We cannot conclude this article better, than by subjoining Mr. Hall's very striking and solemn description of the nature and usefulness of excommunication. "I am far from thinking lightly of the spiritual power, with which Christ has armed his church. It is a high and mysterious one, which has no parallel on earth. Nothing in the order of means, is equally adapted to awaken compunction in the guilty, with spiritual censures impartially administered; the sentence of excommunication in particular, harmonizing with the dictates of conscience, and re-echoed by her voice, is truly terrible. It is the voice of God, speaking through its legitimate organ, which he who despises, or neglects, ranks with "heathen men and publicans," joins the Synagogue of Satan, and takes his lot with an unbelieving world, doomed to perdition. Excommunication is a sword, which, strong in its apparent weakness and the sharper, and the more keenly edged for being divested of all sensible and exterior envelopements, lights immediately on the spirit, and inflicts a wound which no balsam can cure, no ointment can mollify, but which must continue to ulcerate and burn, till healed by the blood of atonement, applied by penitence and prayer. In no instance is that axiom more fully verified, The weakness of God is stronger than men, & the foolishness of God is wiser than men," than in the discipline of his church. By incumbering it with foreign aid, they have robbed it of its real strength; by calling in the aid of temporal pains and penalties, they have removed it from the spirit to the flesh, from its contact with eternity to unite it to secular interests; and as the corruption of the
best things is the worst, have rendered it the scandal and reproach of our holy religion.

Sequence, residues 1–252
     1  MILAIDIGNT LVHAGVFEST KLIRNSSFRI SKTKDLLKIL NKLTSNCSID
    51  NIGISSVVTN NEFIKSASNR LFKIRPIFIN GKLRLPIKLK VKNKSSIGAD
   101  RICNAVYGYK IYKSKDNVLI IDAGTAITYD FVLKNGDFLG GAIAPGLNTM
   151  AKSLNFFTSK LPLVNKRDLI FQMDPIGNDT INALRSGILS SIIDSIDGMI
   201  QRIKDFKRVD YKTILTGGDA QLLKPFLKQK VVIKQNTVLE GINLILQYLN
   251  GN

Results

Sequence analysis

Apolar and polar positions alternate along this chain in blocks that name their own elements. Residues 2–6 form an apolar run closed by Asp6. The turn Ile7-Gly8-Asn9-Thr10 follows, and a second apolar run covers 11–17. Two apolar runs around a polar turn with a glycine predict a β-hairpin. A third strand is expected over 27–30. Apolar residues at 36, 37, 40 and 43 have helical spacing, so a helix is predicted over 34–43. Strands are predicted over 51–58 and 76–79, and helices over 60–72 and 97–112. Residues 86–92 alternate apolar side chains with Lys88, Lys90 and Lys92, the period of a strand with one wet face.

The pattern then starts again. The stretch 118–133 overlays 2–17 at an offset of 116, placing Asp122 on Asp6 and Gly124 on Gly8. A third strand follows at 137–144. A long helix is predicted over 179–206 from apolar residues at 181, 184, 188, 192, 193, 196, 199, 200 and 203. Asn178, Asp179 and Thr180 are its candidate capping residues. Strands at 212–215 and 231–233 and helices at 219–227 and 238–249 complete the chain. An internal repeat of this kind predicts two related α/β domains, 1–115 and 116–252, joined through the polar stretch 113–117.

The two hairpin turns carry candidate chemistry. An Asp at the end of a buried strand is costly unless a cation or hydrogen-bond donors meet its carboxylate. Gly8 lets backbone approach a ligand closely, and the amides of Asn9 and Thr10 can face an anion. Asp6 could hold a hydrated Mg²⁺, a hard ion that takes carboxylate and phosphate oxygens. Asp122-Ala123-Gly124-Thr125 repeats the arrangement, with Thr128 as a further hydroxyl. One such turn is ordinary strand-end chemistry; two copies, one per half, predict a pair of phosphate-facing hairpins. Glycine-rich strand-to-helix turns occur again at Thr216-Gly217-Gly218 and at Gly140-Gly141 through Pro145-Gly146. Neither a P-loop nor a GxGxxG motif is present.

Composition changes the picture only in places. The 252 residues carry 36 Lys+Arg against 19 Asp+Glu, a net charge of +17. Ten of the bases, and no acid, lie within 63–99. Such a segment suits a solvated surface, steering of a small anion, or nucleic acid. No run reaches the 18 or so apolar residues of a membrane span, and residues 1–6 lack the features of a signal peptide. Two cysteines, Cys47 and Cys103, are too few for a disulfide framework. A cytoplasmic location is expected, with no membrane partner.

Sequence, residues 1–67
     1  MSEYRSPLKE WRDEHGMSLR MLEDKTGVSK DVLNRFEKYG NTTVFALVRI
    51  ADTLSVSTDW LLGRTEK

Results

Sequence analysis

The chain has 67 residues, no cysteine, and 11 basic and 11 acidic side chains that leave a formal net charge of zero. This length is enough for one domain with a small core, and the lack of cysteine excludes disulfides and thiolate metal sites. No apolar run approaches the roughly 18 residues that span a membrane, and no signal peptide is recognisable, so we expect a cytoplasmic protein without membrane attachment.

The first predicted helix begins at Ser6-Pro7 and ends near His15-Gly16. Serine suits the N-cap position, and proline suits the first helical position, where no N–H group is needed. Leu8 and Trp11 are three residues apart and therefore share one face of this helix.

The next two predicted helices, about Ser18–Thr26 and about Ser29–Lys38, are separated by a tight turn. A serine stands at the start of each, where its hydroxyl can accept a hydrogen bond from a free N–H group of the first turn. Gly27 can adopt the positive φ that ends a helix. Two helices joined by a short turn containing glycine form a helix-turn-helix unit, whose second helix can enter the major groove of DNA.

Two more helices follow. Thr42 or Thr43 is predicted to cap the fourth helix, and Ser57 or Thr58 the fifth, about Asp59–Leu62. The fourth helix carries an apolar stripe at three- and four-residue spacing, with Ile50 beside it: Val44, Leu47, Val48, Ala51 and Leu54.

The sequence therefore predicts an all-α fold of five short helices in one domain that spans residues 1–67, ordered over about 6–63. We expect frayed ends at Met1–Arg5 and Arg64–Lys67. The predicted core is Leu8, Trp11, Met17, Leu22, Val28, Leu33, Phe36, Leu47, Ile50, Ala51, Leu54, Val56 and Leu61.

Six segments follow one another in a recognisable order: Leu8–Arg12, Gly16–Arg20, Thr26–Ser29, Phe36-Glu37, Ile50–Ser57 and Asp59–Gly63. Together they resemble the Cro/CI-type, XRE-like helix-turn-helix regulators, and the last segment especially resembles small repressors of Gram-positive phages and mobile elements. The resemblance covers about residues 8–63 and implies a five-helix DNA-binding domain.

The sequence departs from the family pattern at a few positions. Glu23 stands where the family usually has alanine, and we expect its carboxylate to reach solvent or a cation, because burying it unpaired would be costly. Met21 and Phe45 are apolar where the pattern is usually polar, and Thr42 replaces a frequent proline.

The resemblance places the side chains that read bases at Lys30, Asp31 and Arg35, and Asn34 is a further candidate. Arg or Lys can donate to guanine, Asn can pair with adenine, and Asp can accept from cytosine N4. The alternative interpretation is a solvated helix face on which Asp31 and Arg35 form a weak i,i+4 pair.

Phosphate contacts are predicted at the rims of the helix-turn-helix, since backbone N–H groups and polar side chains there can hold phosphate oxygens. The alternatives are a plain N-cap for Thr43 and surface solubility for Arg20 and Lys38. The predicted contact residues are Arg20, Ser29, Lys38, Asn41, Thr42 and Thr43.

While it retains its character, as a spiritual ordinance, it is the chief bulwark against the disorders which threaten to overturn religion, the very nerve of virtue, and next to the preaching of the cross, the principal antidote to the "corruptions that are in the world through lust." Discipline in a church occupies the place of laws in a state; and as a kingdom, however excellent its constitution will inevitably sink into a state of extreme wretchedness, in which laws are either not enacted, or not duly administered; so a church which pays no attention to discipline, will either fall into confusion, or into a state so much worse, that little or nothing remains worth regulating. The right of inflicting censures, and of proceeding in extreme cases to excommunication is an essential branch of that power with which the church is endowed; and bears the same relation to discipline that the administration of criminal justice bears to the general principles of government. When this right is exerted in upholding the faith once delivered to the saints," or enforcing a conscientious regard to the laws of Christ, it maintains its proper place, and is highly beneficial. Its cognizance of doctrine is justified by apostolic authority; "a heretic, after two or three admonitions, reject;" nor is it to any purpose to urge the difference betwixt ancient heretics and modern, or that to pretend to distinguish truth from error, is a practical as sumption of infallibility." Z.
THE LATE REVOLUTION IN FRANCE.
THE design and limits of the Intelligencer, prohibit us from noticing the various political operations of the day; but the great event of the late Revolution in France, merits the particular attention of Protestants. Since the glorious and successful operations of the immortal Luther, no occurrence has displayed the power of truth over error in a greater degree, than the prostration of Papal tyranny, by the French.-We extract the following from the Protestant, and we trust it will be read with attention.-Editor."
France. A charter is adopted, securing to the people the enjoyment of civil and religious liberty. The Duke of Orleans was proclaimed King of the French, and assumed the title of Philip the 1st, not to perpetuate the feudal monarchy. The following oath was administered:
"In the presence of God, I swear faithfully to observe the Constitutional Charter, with the modifications expressed in the Declaration, to govern only by the laws, and according to the laws; to ren der equal and exact justice to every one, according to his right, and to act in all things with a single view to the interest, the happiness, and the glory of the French people."